So sure, go to any large chain market like Safeway, Cala foods, etc. FoodsCo was actually a good suggestion as they don't fool with gourmet crap like Safeway, Andronico's, etc.

            More interesting, IMO, would be 99 Ranch in a big Asian mall in Berkeley. Or a number of various ethnic markets as mentioned. In SF there are a number of Eastern Europen markets on Geary with World Market and Royal being the best.

            Go to one of the Mexican markets for that slant.

            If your intent is to load up on junk food ... go to 7-11

            1. re: rworange

              Actually, I do get what the OP is talking about. I do it all the time when I'm travelling b/c the boring things that a place like Whole Foods or Harrod's wouldn't stoop to stocking can sometimes be novel and fun for the traveler. These items can also make great gifts. I was once thoroughly searched by a security guy at Heathrow, who, after unrolling all my dirty clothes to expose a dozen packages of digestive biscuits from Tesco, asked with some irritation, "Don't they have biscuits in America?" Although I did resist hauling back bottles of fish sauce from Saigon.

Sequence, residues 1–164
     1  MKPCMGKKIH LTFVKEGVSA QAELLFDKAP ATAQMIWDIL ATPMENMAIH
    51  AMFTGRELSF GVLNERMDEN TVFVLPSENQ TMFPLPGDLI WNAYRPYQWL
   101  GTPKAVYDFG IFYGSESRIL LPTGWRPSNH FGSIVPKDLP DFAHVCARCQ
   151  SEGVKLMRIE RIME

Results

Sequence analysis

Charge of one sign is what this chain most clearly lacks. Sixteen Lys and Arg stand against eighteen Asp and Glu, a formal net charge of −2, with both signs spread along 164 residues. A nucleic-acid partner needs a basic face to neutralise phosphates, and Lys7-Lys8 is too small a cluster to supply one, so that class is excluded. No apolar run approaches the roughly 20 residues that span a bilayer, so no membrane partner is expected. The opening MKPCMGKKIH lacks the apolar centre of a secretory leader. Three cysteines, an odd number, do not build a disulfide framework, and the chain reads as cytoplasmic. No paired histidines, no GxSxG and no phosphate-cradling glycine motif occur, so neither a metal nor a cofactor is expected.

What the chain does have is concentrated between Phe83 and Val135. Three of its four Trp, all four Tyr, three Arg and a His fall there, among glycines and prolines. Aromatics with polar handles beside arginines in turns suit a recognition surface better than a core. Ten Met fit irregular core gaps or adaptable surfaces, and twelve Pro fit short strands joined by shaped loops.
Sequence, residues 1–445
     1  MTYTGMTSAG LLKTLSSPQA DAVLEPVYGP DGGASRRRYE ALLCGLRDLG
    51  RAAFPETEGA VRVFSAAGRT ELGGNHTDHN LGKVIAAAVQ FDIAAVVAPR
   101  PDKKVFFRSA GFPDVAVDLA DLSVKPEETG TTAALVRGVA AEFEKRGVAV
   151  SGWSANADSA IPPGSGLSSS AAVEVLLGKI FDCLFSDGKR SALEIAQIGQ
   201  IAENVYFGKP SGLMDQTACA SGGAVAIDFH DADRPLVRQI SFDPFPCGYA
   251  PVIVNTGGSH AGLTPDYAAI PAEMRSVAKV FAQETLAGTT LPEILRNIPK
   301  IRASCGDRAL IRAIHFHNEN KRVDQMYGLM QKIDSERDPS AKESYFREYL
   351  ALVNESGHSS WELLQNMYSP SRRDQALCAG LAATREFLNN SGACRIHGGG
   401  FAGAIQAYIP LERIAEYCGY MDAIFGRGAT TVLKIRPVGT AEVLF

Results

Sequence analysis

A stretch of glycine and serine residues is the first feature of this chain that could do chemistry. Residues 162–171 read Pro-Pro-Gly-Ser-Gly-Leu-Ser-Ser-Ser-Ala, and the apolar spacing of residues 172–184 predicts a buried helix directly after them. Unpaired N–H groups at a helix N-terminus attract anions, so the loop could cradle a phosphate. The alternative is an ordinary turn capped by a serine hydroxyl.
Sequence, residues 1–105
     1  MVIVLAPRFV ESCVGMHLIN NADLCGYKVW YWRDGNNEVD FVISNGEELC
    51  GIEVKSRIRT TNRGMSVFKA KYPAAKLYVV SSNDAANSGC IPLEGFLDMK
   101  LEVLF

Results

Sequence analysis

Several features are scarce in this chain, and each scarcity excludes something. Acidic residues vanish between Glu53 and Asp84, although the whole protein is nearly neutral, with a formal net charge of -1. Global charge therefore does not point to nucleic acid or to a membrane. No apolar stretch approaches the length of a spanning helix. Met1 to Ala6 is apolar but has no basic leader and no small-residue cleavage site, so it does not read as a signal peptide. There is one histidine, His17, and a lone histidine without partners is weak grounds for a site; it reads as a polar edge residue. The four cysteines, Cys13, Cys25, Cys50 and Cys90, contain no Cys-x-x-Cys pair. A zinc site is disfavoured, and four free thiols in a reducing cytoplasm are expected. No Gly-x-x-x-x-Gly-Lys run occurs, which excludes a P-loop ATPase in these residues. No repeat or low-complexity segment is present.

If I were in Safeway, I'd probably pick up some Ore Ida Tater Tots, Its Its, and salami. And if you were to spot some Oscar Mayer liver cheese, let me know.

              1. re: sfbing

                Thanks everyone for your amazing suggestions! I'll take up almost of all them at one point or another, I think.

                To rworange: I'm sorry you got that impression. I perhaps didn't make it clear enough that of course I know the main draw in CA is the produce and fresh food. It's the main reason I chose SF for this holiday, the main reason I'm going out to Berkeley Bowl (all those tomato varieties!), the reason I'm getting up at 6am most jetlagged to go to Ferry Plaza Farmer's markets and the reason I've specifically booked accommodation with a kitchen, so I can do some cooking with all the wonderful produce I know I'll find.